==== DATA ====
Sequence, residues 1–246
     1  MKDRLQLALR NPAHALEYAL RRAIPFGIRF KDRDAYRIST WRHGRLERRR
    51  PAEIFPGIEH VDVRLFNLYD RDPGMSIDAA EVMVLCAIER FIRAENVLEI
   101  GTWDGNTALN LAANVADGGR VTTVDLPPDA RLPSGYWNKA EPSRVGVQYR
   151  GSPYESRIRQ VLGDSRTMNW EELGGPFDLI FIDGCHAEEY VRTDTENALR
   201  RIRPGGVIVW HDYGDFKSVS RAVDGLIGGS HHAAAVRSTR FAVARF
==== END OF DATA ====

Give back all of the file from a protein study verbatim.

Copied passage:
Sequence, residues 1–246
     1  MKDRLQLALR NPAHALEYAL RRAIPFGIRF KDRDAYRIST WRHGRLERRR
    51  PAEIFPGIEH VDVRLFNLYD RDPGMSIDAA EVMVLCAIER FIRAENVLEI
   101  GTWDGNTALN LAANVADGGR VTTVDLPPDA RLPSGYWNKA EPSRVGVQYR
   151  GSPYESRIRQ VLGDSRTMNW EELGGPFDLI FIDGCHAEEY VRTDTENALR
   201  RIRPGGVIVW HDYGDFKSVS RAVDGLIGGS HHAAAVRSTR FAVARF